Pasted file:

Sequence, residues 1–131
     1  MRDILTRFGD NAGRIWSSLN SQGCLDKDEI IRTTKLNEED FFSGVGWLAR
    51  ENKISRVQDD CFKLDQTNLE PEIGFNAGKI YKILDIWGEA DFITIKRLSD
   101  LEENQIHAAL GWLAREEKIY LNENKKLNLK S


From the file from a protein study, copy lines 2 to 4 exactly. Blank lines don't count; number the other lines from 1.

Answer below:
     1  MRDILTRFGD NAGRIWSSLN SQGCLDKDEI IRTTKLNEED FFSGVGWLAR
    51  ENKISRVQDD CFKLDQTNLE PEIGFNAGKI YKILDIWGEA DFITIKRLSD
   101  LEENQIHAAL GWLAREEKIY LNENKKLNLK S